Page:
Once you have identified how you are feeling, you want to discover why you are feeling it. What is causing this feeling inside you? Of course, there could be a million reasons, and to find out you have to ask yourself, like you would a friend, “What is wrong? What is causing me to feel this way?” Your mind will always look for an answer. Most of the time, simply the way you are thinking about the situation is causing you to feel the way you do. Another huge reason why we feel negative emotions is because our values are not present in that moment or being respected. Remember: discover the ‘why.’

3. Then ask yourself, “What is the solution?”

Once you have discovered why, what can you do to take back control? Sometimes you might need to change the way you are thinking about the situation. You see, your thoughts lead directly to your feelings, so if you are feeling bad, you most likely have a negative thought that is making you feel that way. If you start thinking of other possible ways of looking at the situation, you will begin to feel better immediately. What you focus on expands!

Sometimes by simply understanding why you feel a certain way at a certain time, your emotions will start to diminish because understanding always leads to calming.

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4. Choose how you want to react.

This is the hardest part. The way that we react and manage our emotions is habit. Haven’t you noticed those people who get stressed out about nothing, literally freaking out at nothing. You almost feel sorry for them. They have created a habit of associating a situation they don’t like with ‘freaking out.’ Their emotions have hijacked them.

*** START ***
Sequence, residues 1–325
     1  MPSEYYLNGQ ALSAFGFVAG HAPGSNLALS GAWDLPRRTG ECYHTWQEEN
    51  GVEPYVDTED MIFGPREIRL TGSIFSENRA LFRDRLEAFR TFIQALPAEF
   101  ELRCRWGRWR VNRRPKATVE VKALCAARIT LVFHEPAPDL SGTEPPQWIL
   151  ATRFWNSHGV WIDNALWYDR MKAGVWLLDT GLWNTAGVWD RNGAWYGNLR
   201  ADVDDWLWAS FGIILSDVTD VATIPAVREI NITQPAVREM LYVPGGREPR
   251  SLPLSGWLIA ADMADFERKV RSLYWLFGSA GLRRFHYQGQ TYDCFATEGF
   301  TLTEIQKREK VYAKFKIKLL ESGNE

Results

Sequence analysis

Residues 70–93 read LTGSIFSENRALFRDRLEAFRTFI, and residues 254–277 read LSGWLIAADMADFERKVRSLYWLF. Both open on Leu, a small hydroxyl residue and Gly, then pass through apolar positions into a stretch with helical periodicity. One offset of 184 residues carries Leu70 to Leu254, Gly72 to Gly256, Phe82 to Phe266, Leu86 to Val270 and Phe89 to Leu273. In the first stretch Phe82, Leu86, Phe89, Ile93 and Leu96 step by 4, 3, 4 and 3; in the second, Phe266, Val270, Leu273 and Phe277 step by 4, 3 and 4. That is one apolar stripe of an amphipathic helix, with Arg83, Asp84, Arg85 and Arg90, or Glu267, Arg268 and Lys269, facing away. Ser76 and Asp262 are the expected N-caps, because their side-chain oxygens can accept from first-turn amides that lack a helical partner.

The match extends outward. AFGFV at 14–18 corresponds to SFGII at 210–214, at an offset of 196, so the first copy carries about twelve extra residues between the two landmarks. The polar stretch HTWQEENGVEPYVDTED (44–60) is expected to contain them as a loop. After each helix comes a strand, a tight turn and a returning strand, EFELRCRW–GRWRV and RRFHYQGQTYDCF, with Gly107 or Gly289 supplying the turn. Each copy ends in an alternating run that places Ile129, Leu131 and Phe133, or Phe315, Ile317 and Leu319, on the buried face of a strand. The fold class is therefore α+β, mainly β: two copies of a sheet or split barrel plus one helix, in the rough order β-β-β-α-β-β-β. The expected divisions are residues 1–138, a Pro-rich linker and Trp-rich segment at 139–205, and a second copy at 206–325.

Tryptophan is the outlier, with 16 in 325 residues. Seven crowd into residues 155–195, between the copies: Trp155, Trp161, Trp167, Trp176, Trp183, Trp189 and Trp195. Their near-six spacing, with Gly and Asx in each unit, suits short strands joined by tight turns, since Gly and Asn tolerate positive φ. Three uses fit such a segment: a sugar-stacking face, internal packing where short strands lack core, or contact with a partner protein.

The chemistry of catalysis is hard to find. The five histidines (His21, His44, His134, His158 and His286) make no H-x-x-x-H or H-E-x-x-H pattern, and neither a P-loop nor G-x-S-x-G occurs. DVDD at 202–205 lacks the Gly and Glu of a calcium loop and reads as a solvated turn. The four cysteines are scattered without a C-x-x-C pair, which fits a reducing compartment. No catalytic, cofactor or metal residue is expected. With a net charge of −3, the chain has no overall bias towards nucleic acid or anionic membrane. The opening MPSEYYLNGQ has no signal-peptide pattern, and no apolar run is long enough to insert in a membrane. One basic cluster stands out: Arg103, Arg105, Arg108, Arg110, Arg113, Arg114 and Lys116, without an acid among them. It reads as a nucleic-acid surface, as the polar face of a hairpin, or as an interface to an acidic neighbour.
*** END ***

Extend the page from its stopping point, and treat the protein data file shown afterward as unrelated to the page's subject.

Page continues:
Learning to listen to your emotions, to identify, understand and then choose them, isn’t something that you decide to practice twice a week at lunchtime. No, it is with continuous effort and discipline that you can start to build this essential skill.

Do you control your emotions, or do they really control and direct you? It isn’t easy and that’s why so many people don’t make an effort and give up. But once you are able to control your emotions, life changes for you in more ways than you ever dreamed possible. Not only will you feel way more empowered and in control in life, but you will be happier and much healthier as you won’t be stressed or weighed down so often.

To your success! What do you choose? Let us know in the comments.

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Kirstin O´Donovan

Certified Life and Productivity Coach, Founder and CEO of TopResultsCoaching

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Last Updated on December 2, 2018

7 Public Speaking Techniques To Help Connect With Your Audience

7 Public Speaking Techniques To Help Connect With Your Audience

When giving a presentation or speech, you have to engage your audience effectively in order to truly get your point across. Unlike a written editorial or newsletter, your speech is fleeting; once you’ve said everything you set out to say, you don’t get a second chance to have your voice heard in that specific arena.

You need to make sure your audience hangs on to every word you say, from your introduction to your wrap-up. You can do so by:

1. Connecting them with each other

Picture your typical rock concert. What’s the first thing the singer says to the crowd after jumping out on stage? “Hello (insert city name here)!” Just acknowledging that he’s coherent enough to know where he is is enough for the audience to go wild and get into the show.